By Dr. Damanpreet Jamarai, Senior Medical Director, UnitedHealthcare, California
February is American Heart Month, a good time to focus on everyone’s heart health, including learning common symptoms of a heart attack for both men and women, and what to do if one strikes.
Heart disease is often thought to be more of a health issue affecting men. However, it’s the most common cause of death for women in the United States, causing about 300,000 deaths annually.
Because symptoms in women can differ from those in men, it can be more difficult to spot the signs. By understanding the symptoms and making healthier lifestyle choices, you may help prevent your risk.
Heart disease doesn’t just occur in older women. Young women, especially those with a family history of heart disease, should also take precautions.
Knowing the symptoms, risk factors and heart-healthy lifestyle tips may help protect you.
Heart disease symptoms for women may range from the common signs like pressure in the chest, which is similar for both men and women. However, women are more likely than men to experience a variety of other symptoms. This may be because women tend to have blockages in smaller arteries, as well as their main arteries.
Symptoms to watch out for include nausea, vomiting, sweating, lightheadedness or fatigue. Other symptoms are pain or discomfort in the neck, jaw, shoulder, upper back, abdomen or back.
Women also may not experience any symptoms if their heart disease is “silent” meaning they may not know they have heart disease until they experience a heart attack, arrhythmia or heart failure.
While there may be risk factors you can’t control, making the choice to start a heart-healthy lifestyle is one way to help lower your risk of heart disease. In fact, studies show that healthy choices have resulted in 330 fewer women dying from heart disease per day.
Consider these changes to help lower your risk of heart disease:
— Quit smoking. Smoking damages the heart and blood vessels, which may cause heart disease. Even long-time smokers may see rapid health improvements and reduce their heart attack risk, if they quit;
— Exercise regularly. The American Heart Association (AHA) recommends adults get at least 150 minutes each week of moderate-intensity aerobic activity or 75 minutes each week of vigorous aerobic activity to help stay healthier;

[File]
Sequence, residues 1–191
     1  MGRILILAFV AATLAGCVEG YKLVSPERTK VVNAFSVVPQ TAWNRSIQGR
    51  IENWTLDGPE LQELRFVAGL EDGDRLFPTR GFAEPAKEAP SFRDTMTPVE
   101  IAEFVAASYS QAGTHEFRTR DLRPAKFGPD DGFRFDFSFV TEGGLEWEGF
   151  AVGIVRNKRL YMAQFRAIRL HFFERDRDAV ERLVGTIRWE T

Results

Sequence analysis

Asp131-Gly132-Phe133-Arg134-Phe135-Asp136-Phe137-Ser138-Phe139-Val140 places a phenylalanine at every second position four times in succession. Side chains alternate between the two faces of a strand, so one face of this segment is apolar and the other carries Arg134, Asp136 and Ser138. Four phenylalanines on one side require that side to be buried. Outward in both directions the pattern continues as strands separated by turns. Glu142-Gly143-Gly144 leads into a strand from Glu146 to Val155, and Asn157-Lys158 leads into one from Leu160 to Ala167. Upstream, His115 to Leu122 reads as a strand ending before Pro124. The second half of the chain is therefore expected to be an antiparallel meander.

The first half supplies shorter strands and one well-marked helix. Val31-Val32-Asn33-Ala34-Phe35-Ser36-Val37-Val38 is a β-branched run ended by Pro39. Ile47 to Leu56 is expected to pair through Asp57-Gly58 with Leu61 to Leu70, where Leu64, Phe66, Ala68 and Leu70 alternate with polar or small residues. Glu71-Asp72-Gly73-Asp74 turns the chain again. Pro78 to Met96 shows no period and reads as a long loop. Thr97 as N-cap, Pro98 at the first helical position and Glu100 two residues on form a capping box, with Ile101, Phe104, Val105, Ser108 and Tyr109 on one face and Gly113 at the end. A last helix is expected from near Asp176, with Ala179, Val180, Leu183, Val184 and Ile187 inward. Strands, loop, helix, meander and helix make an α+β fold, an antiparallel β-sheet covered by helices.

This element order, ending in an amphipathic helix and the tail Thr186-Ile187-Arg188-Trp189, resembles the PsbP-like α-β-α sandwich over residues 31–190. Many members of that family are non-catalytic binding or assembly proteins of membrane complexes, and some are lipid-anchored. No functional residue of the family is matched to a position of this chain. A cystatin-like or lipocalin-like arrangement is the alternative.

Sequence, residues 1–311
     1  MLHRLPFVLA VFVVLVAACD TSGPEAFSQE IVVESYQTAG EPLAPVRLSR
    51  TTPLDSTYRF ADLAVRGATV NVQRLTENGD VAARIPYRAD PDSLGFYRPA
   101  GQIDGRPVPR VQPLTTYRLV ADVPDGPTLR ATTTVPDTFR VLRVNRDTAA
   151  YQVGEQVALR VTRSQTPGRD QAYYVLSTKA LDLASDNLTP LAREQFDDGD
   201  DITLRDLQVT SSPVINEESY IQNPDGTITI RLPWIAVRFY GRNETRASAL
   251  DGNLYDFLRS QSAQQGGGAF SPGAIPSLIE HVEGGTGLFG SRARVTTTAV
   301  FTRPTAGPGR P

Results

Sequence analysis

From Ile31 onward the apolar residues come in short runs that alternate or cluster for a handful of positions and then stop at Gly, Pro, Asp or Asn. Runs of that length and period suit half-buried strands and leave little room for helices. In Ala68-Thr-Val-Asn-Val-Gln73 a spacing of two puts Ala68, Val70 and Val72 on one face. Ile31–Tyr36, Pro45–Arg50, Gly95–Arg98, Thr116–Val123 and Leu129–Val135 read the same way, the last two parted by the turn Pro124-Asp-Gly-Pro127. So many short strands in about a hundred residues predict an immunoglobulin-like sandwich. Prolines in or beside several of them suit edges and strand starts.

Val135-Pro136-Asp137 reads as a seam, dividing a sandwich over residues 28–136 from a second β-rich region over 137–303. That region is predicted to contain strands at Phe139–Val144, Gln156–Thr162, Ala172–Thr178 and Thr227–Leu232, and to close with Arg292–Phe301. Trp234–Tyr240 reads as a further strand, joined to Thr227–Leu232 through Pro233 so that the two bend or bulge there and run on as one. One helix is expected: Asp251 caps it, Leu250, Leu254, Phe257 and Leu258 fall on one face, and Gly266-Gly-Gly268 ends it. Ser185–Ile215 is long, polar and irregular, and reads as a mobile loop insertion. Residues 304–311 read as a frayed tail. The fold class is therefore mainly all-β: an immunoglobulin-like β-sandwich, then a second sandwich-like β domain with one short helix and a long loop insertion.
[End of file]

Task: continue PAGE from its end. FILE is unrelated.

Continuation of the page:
— Eat healthier. A diet emphasizing fruits and vegetables, whole grains, low-fat dairy products, poultry, fish and nuts may help control your weight, cholesterol and blood pressure. Limit saturated fats, trans fats, sodium, sweets and sugary beverages;
— Manage your stress. The most common types of stress that can impact your heart include, workplace stress, financial stress, caregiver stress and disaster-related stress. Sleep, exercise and meditative breathing can all help ease stress;
— Limit alcohol. The AHA recommends drinking in moderation, which means consuming an average of one drink per day for women. Excessive drinking may lead to increased heart health risks;
— Monitor your blood pressure. Blood pressure numbers of less than 120/88 mm Hg are considered within the normal range. If your numbers are outside of the normal range, home blood pressure monitoring may be beneficial to help keep tabs on your health, but don’t substitute it for regular visits with your doctor, and;
— Prioritize sleep. Poor sleep can be linked to an increased risk for high blood pressure, which may cause heart disease. The AHA found most people need six to eight hours of sleep each day. Too much above or below that range may have an effect on your heart.
During this year’s American Heart Month in February, it’s the right time to learn more about the disease and if you may be at increased risk.
Don’t wait for the symptoms to appear — take preventable action to help maintain your heart health.